China rebuffs call for details on missing monks
BEIJING — China rejected pressure from a UN human rights panel about more than 300 Tibetan monks and said yesterday that local authorities are “conducting legal education’’ for the monks to maintain order.
A UN human rights panel on Wednesday asked for full information on the fate of more than 300 Tibetan monks whose whereabouts it said are unknown since they were allegedly arrested in April, though some have reportedly been released.
Foreign Ministry spokesman Hong Lei said that there had been “no such thing as enforced disappearance’’ of the monks.
“The relevant local authorities are conducting legal education for the Kirti monastery monks in order to maintain religious order there,’’ Hong said. “We should disregard bias and adopt an objective and fair perspective in looking at this.’’
The monastery in Sichuan Province has been the site of tensions between authorities and those advocating independence for Tibet. In March, a monk set himself on fire there in protest against Chinese rule.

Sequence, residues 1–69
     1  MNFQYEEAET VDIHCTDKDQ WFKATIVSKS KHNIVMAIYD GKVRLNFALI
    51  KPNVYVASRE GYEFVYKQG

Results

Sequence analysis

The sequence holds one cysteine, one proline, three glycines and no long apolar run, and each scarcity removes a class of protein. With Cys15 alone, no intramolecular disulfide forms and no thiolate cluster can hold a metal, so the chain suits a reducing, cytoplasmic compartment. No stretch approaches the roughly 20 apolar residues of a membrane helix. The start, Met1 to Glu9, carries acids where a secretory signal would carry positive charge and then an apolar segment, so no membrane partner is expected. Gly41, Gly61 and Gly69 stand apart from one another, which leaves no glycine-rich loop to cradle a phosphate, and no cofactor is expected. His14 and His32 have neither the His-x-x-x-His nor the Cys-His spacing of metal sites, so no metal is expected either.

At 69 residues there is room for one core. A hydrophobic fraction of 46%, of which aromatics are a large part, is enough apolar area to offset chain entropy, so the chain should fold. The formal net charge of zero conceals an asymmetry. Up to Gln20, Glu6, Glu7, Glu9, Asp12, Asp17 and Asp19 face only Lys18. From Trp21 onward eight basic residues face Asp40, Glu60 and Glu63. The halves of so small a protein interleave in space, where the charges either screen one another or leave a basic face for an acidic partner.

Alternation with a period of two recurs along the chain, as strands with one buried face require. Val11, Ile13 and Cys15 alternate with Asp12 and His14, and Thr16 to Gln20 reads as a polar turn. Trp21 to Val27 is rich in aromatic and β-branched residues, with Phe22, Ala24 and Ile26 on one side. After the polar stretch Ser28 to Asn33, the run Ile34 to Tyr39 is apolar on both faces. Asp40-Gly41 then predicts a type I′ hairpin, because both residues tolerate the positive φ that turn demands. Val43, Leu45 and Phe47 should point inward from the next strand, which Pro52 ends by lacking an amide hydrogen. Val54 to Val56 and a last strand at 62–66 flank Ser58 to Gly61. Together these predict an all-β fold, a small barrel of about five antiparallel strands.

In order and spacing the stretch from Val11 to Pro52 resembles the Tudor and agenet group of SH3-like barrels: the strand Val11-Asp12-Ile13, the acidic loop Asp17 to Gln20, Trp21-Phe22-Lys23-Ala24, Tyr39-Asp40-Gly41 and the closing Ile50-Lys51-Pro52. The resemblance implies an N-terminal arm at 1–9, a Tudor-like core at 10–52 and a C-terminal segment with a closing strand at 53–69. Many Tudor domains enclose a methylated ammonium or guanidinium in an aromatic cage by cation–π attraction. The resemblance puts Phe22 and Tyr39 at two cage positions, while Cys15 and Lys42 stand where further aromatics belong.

The death of Rigzin Phuntsog, 16, prompted the Chinese government to enforce legal education at the monastery, including learning the basics of the Chinese constitution and regulations on religious affairs.
The UN Working Group on Enforced or Involuntary Disappearances said more than 300 monks were allegedly detained by Chinese security forces April 21. It urged authorities to investigate and punish those responsible for disappearances.
“Enforced disappearance is a terrible practice that must not be permitted to occur anywhere and no exceptional circumstances whatsoever may be invoked to justify an enforced disappearance,’’ the panel said.
The Dalai Lama, Tibet’s exiled spiritual leader, said China is not his enemy, but that some hard-line communists are.